Among the many other important decisions that must be made during a divorce, coming to terms regarding child custody can be especially difficult. Even when both parents aim to make decisions that are in the best interests of their child, they may differ on what exactly that means.
The more information you have about child custody in Maryland the better prepared you will be to present your case. Here are a few common questions and answers to help prepare you for your day in court.
How are custody claims filed?
Custody claims are initiated when you file a specific document with the circuit court where the child and parents live. The form filed is the Complete a Complaint for Custody (CC-DR-004), and you are encouraged to make copies for the other parent. Copies of the complaint must be provided to the other parent by someone other than yourself. This is known as service of process. Upon receiving the document, the other parent must use a separate form, CC-DR-050, to answer the complaint. They must also file a Counter-Complaint for Custody (CC-DR-095) if their desired custody arrangement is different from yours.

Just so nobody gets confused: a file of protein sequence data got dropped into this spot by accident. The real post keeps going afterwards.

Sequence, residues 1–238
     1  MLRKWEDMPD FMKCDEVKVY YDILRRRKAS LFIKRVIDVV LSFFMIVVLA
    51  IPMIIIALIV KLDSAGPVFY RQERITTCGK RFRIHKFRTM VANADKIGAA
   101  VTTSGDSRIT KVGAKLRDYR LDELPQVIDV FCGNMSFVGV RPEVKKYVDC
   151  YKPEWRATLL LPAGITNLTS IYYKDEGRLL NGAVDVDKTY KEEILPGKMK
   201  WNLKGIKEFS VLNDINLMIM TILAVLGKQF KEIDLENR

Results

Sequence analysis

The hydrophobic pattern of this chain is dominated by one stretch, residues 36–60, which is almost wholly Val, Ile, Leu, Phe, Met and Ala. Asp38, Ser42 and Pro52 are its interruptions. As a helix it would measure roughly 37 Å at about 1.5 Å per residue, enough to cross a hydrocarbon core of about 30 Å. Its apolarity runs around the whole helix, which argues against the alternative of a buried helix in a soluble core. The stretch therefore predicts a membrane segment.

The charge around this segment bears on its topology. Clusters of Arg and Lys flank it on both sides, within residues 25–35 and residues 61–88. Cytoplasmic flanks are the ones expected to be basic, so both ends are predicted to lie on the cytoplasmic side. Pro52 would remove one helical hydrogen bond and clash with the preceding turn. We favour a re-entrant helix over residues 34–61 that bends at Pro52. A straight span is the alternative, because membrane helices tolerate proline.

Is legal and physical custody different?
Legal custody refers to which parent has the authority to make major decisions on behalf of a child. These decisions can include matters like education, health care, religious observances, and many others. Physical custody refers to where a child lives.
What happens if my ex and I cannot reach an agreement?
If you cannot reach an agreement on your own, your case will go to trial. During your custody trial, both sides will be asked to provide an opening statement, present evidence, and give a closing argument. The court will review this information and make a judgment regarding custody. You can ask for a review of the proceeding if you are unhappy with the decision made by the court.